Hate! Hate! Hate!: What the Bears and Lions Mean to Each Other

At one point it might have been Bobby Layne or “Night Train” Lane.

Maybe Billy Sims got it at one point, or Herman Moore or Scott Mitchell (just cause).

Barry never got it because, well he was Barry, we were all in awe of him. Say anything else about him and you’re lying.

Taking it to the front office, Matt Millen was definitely worthy for a time, but there’s no way we could have hated him more than Detroiters did already.

Suh? Yeah, for a while he was in the running for the all-time award but he has since been one-upped by the Lions’ current vice chairman.

Ahead in the clubhouse at -10, leading in the ever-heated race for “Most hated member of the Detroit Lions franchise, according to Chicagoans” is none other than Bill Ford Jr.

Big round of applause, everyone, big round of applause for nonsense

Ford Jr.’s classification of the Bears’ roster as “thugs” and his weak walk back of the comment as a joke helped paint this genetic lottery winner as a dope more than anything else… for now at least.

You have to hope though, as a sympathizer of the Bears, that this post-Week 4 embarrassment news rattles and re-focuses the team that so noticeably limped out of Ford Field this past Sunday afternoon. The obvious salt in the wound provided by a guy who quite obviously doesn’t know how to win with class may in the end be more of a bitter pill — “here’s what they think about you…” in the words of Ice Cube, circa 1991.

As reported on ESPN.com:

In rare public comments Tuesday at a charity dinner honoring Lions wide receiver Nate Burleson, Ford referred to the Bears as “thugs.”

“It was really alive, and it was alive when we played those same bunch of thugs on Monday night, you know, last year,” Ford said, actually referring to the 2011 “Monday Night Football” game between the teams. “When this place gets going, it’s electric. We do have wonderful fans; our fans are amazing.”

Nice that Ford could come within a two-year window of the big Monday night win his team had, I mean they’ve had so many of them. Also nice that the team is getting the collection plate out for Nate. Gotta keep awareness up for those pizza-related injuries, no need for anyone else to get hurt.

Yes, cheap shot, I know, but Ford and his squad are deserving of no better treatment than that, especially giving his incredible slurping of Green Bay, who the Lions face this upcoming weekend:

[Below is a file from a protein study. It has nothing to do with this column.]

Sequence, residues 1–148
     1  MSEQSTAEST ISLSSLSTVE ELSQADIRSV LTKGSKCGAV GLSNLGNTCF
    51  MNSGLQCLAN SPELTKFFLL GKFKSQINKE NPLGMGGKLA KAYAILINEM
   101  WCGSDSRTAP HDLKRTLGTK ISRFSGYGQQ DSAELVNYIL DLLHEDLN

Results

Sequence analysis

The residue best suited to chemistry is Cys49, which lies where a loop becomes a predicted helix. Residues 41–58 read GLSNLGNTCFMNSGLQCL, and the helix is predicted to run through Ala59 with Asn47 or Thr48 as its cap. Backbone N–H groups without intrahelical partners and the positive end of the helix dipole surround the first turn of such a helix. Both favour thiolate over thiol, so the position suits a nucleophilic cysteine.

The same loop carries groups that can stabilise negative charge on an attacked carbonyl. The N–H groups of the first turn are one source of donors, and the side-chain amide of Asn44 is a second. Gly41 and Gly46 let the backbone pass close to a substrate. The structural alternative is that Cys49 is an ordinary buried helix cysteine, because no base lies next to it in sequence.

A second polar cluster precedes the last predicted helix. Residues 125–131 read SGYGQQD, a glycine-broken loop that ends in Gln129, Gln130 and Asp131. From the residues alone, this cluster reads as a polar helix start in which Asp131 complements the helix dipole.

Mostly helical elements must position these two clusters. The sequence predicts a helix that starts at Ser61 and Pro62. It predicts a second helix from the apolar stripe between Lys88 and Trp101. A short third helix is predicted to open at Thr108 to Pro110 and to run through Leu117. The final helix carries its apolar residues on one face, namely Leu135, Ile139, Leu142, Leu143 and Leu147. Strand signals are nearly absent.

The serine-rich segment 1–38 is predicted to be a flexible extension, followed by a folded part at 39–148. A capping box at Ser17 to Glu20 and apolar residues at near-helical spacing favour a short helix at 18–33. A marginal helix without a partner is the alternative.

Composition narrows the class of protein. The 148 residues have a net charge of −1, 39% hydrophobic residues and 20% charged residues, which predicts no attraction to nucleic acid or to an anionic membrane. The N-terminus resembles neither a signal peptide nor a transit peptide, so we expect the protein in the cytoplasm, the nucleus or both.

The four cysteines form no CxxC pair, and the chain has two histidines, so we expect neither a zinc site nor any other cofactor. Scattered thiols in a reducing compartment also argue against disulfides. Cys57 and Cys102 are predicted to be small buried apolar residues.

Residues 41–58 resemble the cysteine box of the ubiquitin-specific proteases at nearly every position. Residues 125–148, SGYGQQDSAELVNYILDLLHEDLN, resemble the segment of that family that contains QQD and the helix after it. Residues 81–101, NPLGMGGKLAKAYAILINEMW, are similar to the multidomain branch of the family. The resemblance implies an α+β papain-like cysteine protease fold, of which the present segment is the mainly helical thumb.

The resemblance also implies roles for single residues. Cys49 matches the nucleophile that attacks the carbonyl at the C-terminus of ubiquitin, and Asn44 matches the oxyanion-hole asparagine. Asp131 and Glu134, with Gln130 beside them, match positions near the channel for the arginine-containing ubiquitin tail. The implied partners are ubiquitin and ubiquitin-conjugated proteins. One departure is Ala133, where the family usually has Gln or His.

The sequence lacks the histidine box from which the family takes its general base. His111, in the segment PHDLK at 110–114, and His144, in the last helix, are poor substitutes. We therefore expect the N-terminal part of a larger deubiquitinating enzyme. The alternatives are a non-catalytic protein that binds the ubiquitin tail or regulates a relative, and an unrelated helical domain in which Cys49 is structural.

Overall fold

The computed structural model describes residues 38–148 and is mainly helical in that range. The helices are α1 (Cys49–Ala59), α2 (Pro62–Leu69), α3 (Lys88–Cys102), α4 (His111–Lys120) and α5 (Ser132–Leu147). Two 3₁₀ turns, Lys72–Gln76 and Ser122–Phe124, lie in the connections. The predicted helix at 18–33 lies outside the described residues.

“Green Bay’s special, and Lambeau Field, there’s a special feeling going into Lambeau,” Ford said. “Always has been. I hate going up there, but when we win this week, it’s going to make it feel a heck of a lot better.”

Corny, corny, corny… and he says that about a team who has kept his franchise 0-for the past 22 years in the state of Wisconsin, not one win since 1991 playing the Packers in either Green Bay or Milwaukee.

Where’s the fire for that foe? The pointed words? Got some slick shit to say because Jonathan Bostic did a late hit but you’re all on the sack of a team that’s dominated you for two decades straight.

The sad thing about this whole morphing of the Bears-Lions rivalry over recent years and its seeming emotional climax this week is that in regards to pure emotional fire in a rivalry, this is what the Bears are left with, a franchise just learning how to follow the law with regularity, a freakin’ franchise that housed this clown for two years, calling them “thugs” just because they’ve bothered to respond to the Lions’ over-the-top defensive extra-curriculars when they’ve been matched up.

Yes, every team and every fan base in the NFC North hates each other on some level, but the historical rivalry feel of the Bears-Packers has nothing on the Bears-Lions, which feeds into the ever-present jealousy and hatred and willing one-upsmanship that defines Chicago-Detroit sports relations — Bulls-Pistons, Hawks-Red Wings, White Sox-Tigers on down — we keep the biggest tabs on each other, think of the best ways to insult each other (for further proof, listen to last week’s D and Davis and make sure you listen this Saturday) and if neither town can go as far as they’d like in a given season, the last thing they would want to see is the other town prosper on any level.

Look at Megatron (yes, that Megatron)’s statements to the Detroit Free Press prior to last weekend’s game:

“It’s easy to have a dislike for them,” the Detroit Lions’ star receiver said. “It’s not hard at all.

“Can’t stand them, one, because they’re filling up the stadium a lot with a lot of Bears fans. So that’s one reason I can’t stand them.”

How many times do we hear from Calvin Johnson in a given season? Not much, and definitely not much in his most recent Bears games — 106 yards combined in two games last season, 44 this past Sunday. I know that dip in average hurts, man, so does not being as popular as you’d like, right, big guy? Sure is hard seeing a comparable number of “Peanut” Tillman paraphernalia in your house to gear celebrating you.

In writing this, though, I’ve come across the idea that all this is a smoke screen. Instead of stories like this popping up when one searches “detroit lions thugs,” we get all this dusting up via Bill Ford Jr. Don’t worry, “detroit lions crime” still does the trick.

We can only hope whatever will be keyed into the search engines of tomorrow after the next time the Bears and Lions square off will be influenced solely by what happens on the field, but if its one thing those Lions know about it is off the field distractions. Good luck in the return game on Nov. 10, fellas.

Matter of fact, good luck this week in Wisconsin, hear they love to have you guys visit. Then again, love only gets you so far in the NFL. It’s the hate that really gets you going.

Follow Regal Radio on Twitter @regalradio1 and Kyle Means @Wrk_Wrt

8 responses to “Hate! Hate! Hate!: What the Bears and Lions Mean to Each Other

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